We also try to understand the evolution of digital publishing and what are the requirements for technology in different markets. They seem to be drastically different in some of these geographies.
What are you learning from what other markets are doing?
Digital comics have kind of been sneaking up as a market area in the U.S. In Japan manga is 40% of the total book business. It's very different in the U.S. If you go to Random House and ask about comics they're like, "Ah, whatever." But if you go to Kodansha, the equivalent of Random House in Japan, they're getting half their revenue from comics. It kind of changes your view because they see it not just as a separate silo, but a core part of the book business. In the U.S. Marvel Comics and Random House don't even think of themselves as in the same field of publishing.
How could the comics industry have an impact on book publishers?
The comics guys think a little more creatively about enhancing the experience, because for them it's kind of old hat. Most book publishers in the U.S. are just thinking about, "Well I got this print stuff, how do I get it out on phone or tablet?" And the comics guys are going beyond that to, "How do I create tailored experiences for tablets and phones and what is the range of possibilities from a user experience perspective?" It's being informed more by game development, while thinking about it from a content-centric point of view. So I think comics guys are at an interesting point.
What do you see on the horizon for publishers in the digital era?
The nature of the content being delivered in digital is going to be changed by the affordances the tables and smartphones offer versus the paper world, and I think we're just at the beginning of exploring what that means. For a novel, I don't think it means much. You can move a novel from print to digital without having to think much about it because it's just words and the consumer can adopt it pretty easily because they know what they're getting. It's kind of like moving from tape to CD. It doesn't really change the experience.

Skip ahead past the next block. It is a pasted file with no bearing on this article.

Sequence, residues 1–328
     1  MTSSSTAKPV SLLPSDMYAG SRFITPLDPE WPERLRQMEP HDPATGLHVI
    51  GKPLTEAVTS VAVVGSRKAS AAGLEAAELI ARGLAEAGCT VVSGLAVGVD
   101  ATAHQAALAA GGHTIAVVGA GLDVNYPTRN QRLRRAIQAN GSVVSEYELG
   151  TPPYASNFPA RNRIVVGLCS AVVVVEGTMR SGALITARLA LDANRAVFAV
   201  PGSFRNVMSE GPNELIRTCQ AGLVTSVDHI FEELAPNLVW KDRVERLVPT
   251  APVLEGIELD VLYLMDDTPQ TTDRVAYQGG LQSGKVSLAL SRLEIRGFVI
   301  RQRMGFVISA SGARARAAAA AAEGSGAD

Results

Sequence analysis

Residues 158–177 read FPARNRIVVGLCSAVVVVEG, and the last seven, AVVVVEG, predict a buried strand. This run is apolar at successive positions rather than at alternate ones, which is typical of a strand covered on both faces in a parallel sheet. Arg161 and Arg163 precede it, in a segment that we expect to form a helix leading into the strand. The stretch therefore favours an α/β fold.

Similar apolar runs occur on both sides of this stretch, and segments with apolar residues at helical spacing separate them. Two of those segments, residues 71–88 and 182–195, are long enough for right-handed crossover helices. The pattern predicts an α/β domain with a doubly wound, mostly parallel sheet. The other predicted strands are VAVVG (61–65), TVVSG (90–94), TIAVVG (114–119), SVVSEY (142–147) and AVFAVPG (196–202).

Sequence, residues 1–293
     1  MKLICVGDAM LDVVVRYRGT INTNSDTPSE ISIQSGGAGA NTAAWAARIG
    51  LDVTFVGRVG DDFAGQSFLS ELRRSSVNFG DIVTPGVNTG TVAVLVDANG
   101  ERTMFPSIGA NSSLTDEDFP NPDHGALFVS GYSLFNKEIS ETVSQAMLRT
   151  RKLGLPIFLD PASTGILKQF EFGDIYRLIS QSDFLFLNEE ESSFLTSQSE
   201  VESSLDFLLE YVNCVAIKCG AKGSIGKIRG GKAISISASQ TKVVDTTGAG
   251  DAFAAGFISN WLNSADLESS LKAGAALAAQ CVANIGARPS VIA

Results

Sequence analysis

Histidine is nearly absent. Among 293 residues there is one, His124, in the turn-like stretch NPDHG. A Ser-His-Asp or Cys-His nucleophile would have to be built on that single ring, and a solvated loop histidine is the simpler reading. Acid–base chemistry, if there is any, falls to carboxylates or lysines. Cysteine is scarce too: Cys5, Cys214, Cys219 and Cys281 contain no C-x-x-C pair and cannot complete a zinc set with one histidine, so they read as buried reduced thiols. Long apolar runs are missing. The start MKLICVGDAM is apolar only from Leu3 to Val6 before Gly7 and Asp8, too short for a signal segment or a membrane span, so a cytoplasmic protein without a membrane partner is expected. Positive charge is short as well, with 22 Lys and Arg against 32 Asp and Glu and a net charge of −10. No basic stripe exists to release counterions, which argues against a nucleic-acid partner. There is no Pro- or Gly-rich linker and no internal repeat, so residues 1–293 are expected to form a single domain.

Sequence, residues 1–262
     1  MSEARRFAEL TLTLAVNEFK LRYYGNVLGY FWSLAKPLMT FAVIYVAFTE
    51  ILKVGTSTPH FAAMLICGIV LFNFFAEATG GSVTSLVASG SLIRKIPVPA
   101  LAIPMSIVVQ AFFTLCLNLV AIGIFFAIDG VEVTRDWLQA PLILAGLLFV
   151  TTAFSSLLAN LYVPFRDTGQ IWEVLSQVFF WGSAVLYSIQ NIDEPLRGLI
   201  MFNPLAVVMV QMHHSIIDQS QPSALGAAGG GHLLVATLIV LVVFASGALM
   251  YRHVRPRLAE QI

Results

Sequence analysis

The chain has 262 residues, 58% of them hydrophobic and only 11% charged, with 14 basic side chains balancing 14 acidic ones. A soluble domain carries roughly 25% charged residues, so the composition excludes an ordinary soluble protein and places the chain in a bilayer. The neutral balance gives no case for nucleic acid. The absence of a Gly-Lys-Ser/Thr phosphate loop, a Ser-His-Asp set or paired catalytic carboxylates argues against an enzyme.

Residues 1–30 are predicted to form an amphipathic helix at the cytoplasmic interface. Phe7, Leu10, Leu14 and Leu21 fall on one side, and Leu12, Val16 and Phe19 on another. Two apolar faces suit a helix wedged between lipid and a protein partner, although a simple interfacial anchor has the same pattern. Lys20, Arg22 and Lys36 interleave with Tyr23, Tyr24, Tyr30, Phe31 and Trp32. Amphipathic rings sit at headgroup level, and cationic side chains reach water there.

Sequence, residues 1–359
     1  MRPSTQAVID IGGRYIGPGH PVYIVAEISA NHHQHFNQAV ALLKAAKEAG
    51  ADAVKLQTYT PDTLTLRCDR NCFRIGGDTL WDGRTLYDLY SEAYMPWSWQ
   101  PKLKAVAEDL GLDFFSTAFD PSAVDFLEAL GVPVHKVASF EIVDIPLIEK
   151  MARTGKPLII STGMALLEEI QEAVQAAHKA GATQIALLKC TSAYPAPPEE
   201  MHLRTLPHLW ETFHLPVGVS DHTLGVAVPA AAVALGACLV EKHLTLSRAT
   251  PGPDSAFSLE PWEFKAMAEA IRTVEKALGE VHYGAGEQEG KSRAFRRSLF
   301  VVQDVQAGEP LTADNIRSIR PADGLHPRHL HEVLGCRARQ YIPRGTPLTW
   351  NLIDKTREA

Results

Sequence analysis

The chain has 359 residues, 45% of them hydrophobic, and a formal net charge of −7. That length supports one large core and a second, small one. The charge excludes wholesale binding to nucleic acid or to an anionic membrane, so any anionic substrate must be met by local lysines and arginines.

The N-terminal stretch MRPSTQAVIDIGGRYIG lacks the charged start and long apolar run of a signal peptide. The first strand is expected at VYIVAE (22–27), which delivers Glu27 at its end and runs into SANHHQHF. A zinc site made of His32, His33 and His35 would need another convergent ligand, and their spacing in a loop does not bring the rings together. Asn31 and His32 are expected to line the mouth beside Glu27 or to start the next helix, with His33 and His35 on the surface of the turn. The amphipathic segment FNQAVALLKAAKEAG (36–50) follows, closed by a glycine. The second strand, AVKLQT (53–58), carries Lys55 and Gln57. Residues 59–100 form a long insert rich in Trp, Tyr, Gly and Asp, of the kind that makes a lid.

But for textbooks, for comics, for children's books, for cookbooks, there's a lot more to being on a digital platform. Now there are skeptics. It hasn't really been proven in the market yet. As far as I know there's not a huge best-selling cookbook in digital that is some crazy, enhanced experience. But there's going to be. I want to make sure we have a platform for it that allows those content experiences to be delivered cost effectively, across different platforms and devices, not controlled by any one vendor, and accessible to people who have disabilities.